In advancement of their goals to become more eco-friendly places to reside, both Arlington, MA and the City of Cambridge, MA were recently named by Gov. Deval Patrick as two of the Commonwealth's first official "Green Communities."
This is a distinct recognition by the Commonwealth that both Arlington and Cambridge are at the forefront of reducing energy usage and emissions through energy efficiency and reduction initiatives. The goal of the Green Communities Division is to help residents of both communities by maximizing energy efficiency in public buildings and managing rising energy costs.
"The designation recognizes all that the Town of Arlington has already done to demonstrate its commitment to being "green," said Arlington Town Manager Brian Sullivan. "It also puts the Town in the position to further reach energy reduction goals, through access to State grant dollars for green energy projects."
THe Town of Arlington met all five clean energy benchmarks set by the program, including the recent adoption of the energy-saving building "stretch code" voted by Town Meeting.
Working with Sustainable Arlington, the Arlington is planning to apply for projects that will reduce energy consumption and increase efficiency. The grant application is intended to include:
- Request for Funding to begin converting High Pressure Sodium streetlights to LED streetlights.
- Upgrade of Energy Management System at the Hardy School.
- Replacement of Steam Traps in Arlington High School's heating system.
The Green Communities designation makes both communities, along with 33 other municipalities in the state, eligible for $8.1 million in grants for local renewable power and energy efficiency projects. The projects promise to create green jobs and advance both municipal and state clean energy goals.
Read the full press release from the Governor's office and learn more about the Green Communities program at their web sites. For more information on the communities of Arlington, MA and Cambridge, MA, please visit Avenue 3 Real Estate's community web pages.
Until next time, Peace!
Driving along down Massachusetts Avenue toward Cambridge today I noticed the dreaded message flashing on the dashboard of the car. The 10,000 mile tune up was due (check-up and tune up message). The check-up exercise always leads to the same scenario, a day without a car, a costly problem found, a part needed to be ordered, another day with out the car, etc. etc. I also know that when it’s over and the car is officially “fixed” I will feel great satisfaction knowing that my investment is now in good working order and I can navigate around feeling all is well for at least a year or so. It feels good. This got me thinking about our largest investment, our homes, and why we don’t use that same “check-up”, “tune-up” system to keep things humming.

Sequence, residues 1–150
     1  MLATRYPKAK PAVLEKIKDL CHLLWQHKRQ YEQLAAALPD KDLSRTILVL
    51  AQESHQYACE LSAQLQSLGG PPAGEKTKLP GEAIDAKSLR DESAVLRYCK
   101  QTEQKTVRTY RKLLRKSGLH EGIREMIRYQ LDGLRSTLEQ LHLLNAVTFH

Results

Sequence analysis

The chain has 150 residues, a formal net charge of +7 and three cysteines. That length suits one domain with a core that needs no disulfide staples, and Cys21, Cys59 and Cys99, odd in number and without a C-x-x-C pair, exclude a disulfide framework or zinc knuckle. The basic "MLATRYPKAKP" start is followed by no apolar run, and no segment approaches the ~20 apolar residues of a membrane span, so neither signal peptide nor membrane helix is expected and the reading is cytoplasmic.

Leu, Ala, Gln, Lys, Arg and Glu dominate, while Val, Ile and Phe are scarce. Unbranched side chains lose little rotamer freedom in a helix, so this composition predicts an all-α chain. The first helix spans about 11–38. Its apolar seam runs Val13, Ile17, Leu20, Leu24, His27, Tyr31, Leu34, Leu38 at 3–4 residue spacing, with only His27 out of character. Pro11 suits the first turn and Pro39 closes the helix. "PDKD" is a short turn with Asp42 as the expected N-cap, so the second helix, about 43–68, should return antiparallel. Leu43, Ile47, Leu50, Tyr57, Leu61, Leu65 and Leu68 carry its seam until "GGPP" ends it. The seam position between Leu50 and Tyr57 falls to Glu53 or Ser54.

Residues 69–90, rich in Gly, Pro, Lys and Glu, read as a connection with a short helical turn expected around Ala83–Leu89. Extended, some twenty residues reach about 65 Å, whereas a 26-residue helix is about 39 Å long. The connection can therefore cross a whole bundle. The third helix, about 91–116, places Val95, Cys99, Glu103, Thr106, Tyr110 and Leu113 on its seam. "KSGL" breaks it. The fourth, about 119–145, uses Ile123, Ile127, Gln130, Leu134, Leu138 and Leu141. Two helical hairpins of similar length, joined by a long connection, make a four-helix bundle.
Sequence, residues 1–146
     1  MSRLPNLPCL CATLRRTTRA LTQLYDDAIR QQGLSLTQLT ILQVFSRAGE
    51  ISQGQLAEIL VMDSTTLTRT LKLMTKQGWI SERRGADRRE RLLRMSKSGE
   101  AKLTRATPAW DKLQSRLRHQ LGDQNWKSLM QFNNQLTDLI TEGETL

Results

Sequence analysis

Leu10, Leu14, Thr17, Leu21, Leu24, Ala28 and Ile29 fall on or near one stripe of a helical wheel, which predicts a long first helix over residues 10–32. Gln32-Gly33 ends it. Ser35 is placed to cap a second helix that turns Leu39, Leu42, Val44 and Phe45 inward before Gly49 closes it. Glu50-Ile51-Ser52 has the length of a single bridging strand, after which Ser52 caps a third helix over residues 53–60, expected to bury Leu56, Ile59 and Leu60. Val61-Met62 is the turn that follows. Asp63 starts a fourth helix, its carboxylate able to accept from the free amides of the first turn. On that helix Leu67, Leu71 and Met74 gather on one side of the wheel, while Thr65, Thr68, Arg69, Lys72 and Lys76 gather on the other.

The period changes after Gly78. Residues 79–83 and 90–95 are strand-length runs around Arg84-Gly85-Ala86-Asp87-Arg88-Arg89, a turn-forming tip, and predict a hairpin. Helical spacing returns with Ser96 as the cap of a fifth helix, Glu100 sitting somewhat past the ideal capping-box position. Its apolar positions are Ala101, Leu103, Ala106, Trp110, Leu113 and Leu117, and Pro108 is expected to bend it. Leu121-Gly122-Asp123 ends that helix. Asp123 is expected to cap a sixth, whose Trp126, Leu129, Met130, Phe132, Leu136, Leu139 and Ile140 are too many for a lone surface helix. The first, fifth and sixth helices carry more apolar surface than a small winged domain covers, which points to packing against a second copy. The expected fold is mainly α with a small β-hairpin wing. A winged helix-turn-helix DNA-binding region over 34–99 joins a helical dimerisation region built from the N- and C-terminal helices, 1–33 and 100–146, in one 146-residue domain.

The checklist could look something like this:
1. Once a year refresh a room with new paint, touch up wood work where needed
2. Keep all systems on yearly contracts
3. Clean your gutters every fall
4. Improve the exterior and landscape each spring season.
5. Make some small update each year, like replace an old kitchen disposal
6. Weed out the attic and basement of unwanted items each fall
Make your own list of 3-4 maintenance projects and stick with it every year. Spending money keeping your home updated and polished on a regular schedule will prove to be a real benefit to you in the long term. Should you find yourself in a position of having to sell your property unexpectedly or on your own time -frame, you won’t be stressed by spending big to prepare your home for a speedy sale. Working day and night cleaning out the garden beds or calling in a chimney sweep at the last minute to clean out the flue won’t be tiring you out either because your home will be in good working order and ready to go!
Need a list of local service providers in the Boston/ Metro West area? Visit our website: Avenue 3 Real Estate
Thinking you may be selling your home in the near future? Download our "Smarter Seller Kit" for great marketing tips!
Lois Ardito and Karen Lilley, Principals
If you've been thinking about purchasing a condo in Cambridge, MA as an investment property, now would be a good time to make your move!
With the end of the first-time homebuyer tax credit, those who were renting and motivated to purchase have already done so and will be closing between now and July 1st. This will result in more rentals coming on the market over the next couple of months, which is prime rental season for the next influx of college students this fall. College students will most likely be your target tenant, given the preponderance of students and other academics throughout Cambridge. So not only will you want to act fast on purchasing that investment, you'll want to differentiate yourself, somehow, from the "competition" and make your particular unit the most attractive option available. Looking at the previous two months rental statistics in Cambridge, the news is encouraging. The average rent compared to the same time last year rose by 10.44% for all of Cambridge (from $2,116 in 2009 to $2,337 in 2010), with some neighborhoods reporting larger gains than others. The two Cambridge neighborhoods with the biggest increases were Cambridgeport with a 65.17% increase in monthly rental amount ($1,750/mo in 2009 to $2,900/mo this year) and East Cambridge with a 17.18% increase ($2,400/mo in 2009 to $2,812.50/mo this year).